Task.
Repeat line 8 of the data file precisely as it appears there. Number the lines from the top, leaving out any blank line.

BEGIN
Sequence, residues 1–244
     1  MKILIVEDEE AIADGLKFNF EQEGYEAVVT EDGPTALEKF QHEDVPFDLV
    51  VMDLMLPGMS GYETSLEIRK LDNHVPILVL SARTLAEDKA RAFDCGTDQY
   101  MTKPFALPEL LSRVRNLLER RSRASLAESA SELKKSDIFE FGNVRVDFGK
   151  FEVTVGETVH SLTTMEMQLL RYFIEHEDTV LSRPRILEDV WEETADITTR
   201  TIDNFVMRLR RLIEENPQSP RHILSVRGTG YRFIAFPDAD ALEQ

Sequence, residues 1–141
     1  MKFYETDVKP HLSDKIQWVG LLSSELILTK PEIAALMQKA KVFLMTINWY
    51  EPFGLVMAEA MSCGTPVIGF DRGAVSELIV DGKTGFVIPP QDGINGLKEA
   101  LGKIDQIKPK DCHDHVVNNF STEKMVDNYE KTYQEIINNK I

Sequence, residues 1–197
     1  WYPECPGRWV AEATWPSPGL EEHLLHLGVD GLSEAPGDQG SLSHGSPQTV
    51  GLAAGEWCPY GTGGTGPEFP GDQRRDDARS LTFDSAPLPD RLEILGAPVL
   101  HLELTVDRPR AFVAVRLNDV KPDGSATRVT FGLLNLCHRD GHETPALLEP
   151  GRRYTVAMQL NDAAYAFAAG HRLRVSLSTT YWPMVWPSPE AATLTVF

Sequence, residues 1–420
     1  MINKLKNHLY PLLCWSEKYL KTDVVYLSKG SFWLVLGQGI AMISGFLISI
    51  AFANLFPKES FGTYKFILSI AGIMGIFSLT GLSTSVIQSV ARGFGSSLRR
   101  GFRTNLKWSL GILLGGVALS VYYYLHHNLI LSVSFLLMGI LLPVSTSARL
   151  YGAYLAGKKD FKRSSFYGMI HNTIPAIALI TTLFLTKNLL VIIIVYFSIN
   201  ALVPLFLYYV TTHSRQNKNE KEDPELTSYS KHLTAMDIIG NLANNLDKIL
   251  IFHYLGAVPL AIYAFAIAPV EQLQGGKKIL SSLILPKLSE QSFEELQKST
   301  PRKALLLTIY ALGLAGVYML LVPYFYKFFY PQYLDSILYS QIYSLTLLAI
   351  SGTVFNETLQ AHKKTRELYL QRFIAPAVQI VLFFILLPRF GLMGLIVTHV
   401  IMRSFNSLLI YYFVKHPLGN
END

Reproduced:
     1  MKFYETDVKP HLSDKIQWVG LLSSELILTK PEIAALMQKA KVFLMTINWY